Pet CPR on the Road

CPR for your Pets: Emergencies can happen anywhere!

Skills of the people present can make the difference in a pet’s outcome.

 

 

 

 

 

 

 

 

  • One of the first aid skills we are going to learn today is pet CPR for dogs and cats.
  • Check ABC’s.
  • Airway – open, or obstructed, clear it out.
  • Check pet for Breathing on his own.
  • Check for any signs of CIrculation (heartbeat) – can feel heart in small animals, can feel for pulse in femoral artery of larger pets. Practice this and get good at finding the pulse.
  • Start chest compressions.
  • Begin mouth to snout.
  • Do these things en route to the hospital (while someone else drives), if possible. No EMTs can be called like for humans.
  • Next Week on Tails from the Road: Fostering Good Relationship with Your Veterinarian
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    TFTR Episode CPR

    “Stayin’ Alive” is more than a song by the Bee Gee’s. Come learn and important first aid skill at Tails From the Road, next.

    Intro

    Emergency can happen anywhere. Just like in people, it is sometimes the people present directly at the problem that can make the difference in a pet’s outcome.

    One of the first aid skills we are going to learn today is pet CPR for dogs and cats.

    A few things to know ahead of time:

    Sudden cardiac arrest is not nearly as common in dogs and cats as it is in people because there really is no significant coronary artery disease in our pets like there is in people. When it happens, it is usually more like the young athlete you hear about, that may have an underlying structural or electrical problem.

    May be respiratory arrest, like with an underlying illness, conformation, or heartworm.

    Survival rates are low, like they are in people, and are NOT like what they are on TV. We still need to know this important skill because there is always a chance.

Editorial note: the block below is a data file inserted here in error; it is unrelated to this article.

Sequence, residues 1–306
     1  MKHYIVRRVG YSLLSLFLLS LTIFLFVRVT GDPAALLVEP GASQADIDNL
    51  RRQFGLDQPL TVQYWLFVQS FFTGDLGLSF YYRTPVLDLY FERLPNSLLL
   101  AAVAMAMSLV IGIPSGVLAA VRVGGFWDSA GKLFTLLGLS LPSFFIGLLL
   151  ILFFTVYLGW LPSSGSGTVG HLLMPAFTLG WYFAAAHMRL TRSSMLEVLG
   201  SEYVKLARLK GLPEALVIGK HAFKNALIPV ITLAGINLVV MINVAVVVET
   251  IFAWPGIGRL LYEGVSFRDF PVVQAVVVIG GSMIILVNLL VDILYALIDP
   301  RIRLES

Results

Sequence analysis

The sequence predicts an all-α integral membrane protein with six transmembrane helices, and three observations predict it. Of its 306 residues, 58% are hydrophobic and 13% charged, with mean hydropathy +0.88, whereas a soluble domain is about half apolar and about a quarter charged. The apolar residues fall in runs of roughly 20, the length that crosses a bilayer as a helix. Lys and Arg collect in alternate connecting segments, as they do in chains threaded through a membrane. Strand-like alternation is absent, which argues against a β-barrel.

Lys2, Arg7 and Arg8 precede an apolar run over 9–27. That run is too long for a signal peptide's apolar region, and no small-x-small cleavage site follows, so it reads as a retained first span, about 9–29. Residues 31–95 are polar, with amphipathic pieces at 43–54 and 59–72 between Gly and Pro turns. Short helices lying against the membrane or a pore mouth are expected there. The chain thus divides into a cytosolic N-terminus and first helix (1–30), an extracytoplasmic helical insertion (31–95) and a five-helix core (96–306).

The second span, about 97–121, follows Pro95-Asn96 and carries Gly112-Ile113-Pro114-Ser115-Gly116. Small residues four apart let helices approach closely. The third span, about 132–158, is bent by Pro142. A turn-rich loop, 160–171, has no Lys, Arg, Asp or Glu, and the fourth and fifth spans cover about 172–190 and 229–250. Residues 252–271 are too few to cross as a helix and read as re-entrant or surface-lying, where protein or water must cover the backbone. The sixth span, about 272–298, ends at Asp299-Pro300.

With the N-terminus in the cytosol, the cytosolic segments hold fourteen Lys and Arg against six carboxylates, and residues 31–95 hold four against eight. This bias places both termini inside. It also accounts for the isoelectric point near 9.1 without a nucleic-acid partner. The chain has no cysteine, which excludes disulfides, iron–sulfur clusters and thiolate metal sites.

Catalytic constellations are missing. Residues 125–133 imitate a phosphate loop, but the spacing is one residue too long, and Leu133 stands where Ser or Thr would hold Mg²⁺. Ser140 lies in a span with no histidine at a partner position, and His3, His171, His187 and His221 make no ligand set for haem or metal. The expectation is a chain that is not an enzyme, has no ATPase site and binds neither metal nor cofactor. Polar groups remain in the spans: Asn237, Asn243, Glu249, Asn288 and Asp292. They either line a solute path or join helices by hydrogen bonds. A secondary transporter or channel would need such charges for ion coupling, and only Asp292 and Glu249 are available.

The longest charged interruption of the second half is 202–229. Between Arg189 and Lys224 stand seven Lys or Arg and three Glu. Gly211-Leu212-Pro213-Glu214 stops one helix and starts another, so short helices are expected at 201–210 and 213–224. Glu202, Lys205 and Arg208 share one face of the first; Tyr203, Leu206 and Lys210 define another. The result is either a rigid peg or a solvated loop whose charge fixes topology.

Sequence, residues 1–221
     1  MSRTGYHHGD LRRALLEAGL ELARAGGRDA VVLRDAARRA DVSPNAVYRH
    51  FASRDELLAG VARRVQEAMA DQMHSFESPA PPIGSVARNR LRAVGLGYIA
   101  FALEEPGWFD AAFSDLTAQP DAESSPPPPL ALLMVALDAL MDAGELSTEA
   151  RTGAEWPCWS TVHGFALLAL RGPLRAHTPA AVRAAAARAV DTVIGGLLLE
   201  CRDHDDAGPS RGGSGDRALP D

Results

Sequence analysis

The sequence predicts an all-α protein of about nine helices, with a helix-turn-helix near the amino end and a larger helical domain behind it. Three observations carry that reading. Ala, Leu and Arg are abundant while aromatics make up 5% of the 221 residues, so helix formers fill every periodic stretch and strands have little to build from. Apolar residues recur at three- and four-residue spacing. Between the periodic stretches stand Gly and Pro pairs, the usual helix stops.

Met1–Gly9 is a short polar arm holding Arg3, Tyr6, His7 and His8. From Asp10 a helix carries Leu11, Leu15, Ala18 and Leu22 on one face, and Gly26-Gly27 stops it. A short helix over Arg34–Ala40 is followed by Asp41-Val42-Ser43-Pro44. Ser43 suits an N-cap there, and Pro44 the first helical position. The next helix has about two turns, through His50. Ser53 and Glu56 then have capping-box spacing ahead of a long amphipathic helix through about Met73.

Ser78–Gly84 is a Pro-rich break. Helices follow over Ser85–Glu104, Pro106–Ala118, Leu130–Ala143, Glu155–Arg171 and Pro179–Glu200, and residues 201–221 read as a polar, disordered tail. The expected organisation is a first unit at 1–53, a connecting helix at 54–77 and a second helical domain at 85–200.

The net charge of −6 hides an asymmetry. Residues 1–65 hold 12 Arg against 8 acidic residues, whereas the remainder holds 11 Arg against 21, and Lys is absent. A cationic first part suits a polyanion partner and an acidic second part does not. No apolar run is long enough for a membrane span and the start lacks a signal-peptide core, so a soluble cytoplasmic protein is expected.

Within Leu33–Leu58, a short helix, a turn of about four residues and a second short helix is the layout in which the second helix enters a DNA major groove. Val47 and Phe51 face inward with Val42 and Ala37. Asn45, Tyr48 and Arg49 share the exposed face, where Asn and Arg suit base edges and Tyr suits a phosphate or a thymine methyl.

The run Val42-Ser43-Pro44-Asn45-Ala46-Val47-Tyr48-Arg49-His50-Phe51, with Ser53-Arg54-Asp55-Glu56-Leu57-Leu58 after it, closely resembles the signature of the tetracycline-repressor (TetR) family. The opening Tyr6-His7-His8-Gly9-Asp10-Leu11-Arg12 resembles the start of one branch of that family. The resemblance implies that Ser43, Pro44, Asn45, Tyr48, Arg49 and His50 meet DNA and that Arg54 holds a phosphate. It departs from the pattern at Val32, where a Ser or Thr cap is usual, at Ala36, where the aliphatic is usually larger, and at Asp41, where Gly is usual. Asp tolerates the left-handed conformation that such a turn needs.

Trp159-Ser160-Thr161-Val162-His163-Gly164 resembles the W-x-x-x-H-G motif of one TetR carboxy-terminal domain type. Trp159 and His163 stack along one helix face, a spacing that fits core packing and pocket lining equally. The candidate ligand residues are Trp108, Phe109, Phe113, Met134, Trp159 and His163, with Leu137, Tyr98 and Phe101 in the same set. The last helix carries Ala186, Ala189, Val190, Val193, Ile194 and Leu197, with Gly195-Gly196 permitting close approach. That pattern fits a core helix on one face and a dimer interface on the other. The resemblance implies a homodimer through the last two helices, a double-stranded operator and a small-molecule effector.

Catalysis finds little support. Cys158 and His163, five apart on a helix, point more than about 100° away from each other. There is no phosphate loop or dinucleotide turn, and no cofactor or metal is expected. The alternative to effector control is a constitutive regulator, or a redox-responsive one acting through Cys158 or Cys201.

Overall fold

1. Check ABC’s.

    Airway – open, or obstructed, clear it out.

    Check pet for Breathing on his own.

    Check for any signs of CIrculation (heartbeat) – can feel heart in small animals, can feel for pulse in femoral artery of larger pets. Practice this and get good at finding the pulse.

     

    2. Start chest compressions. (see dog and cat CPR pics)

    Blood gas good for about 4 minutes.

    Quality of chest compressions critical as even ideal chest compressions only gives about 25-30% of regular cardiac output.

    100-120 bpm – the BeeGees “Atayin’ Alive is 103, The Stars and Stripes Forever is 120.

    Side of chest, deep chested breeds go nearer armpit, barrel chested breeds go on back and at aternum like a human

    3. Begin mouth to snout – difficult to get enough tidal volume into a big dog chest, so heave ho on the big ones. Think infant on the small pets. Use your hand to cup around the snout, don’t put your mouth directly on the nose. Straighten out neck a bit to help with air flow.

    4. Do these things en route to the hospital (while someone else drives), if possible. No EMTs can be called like for humans.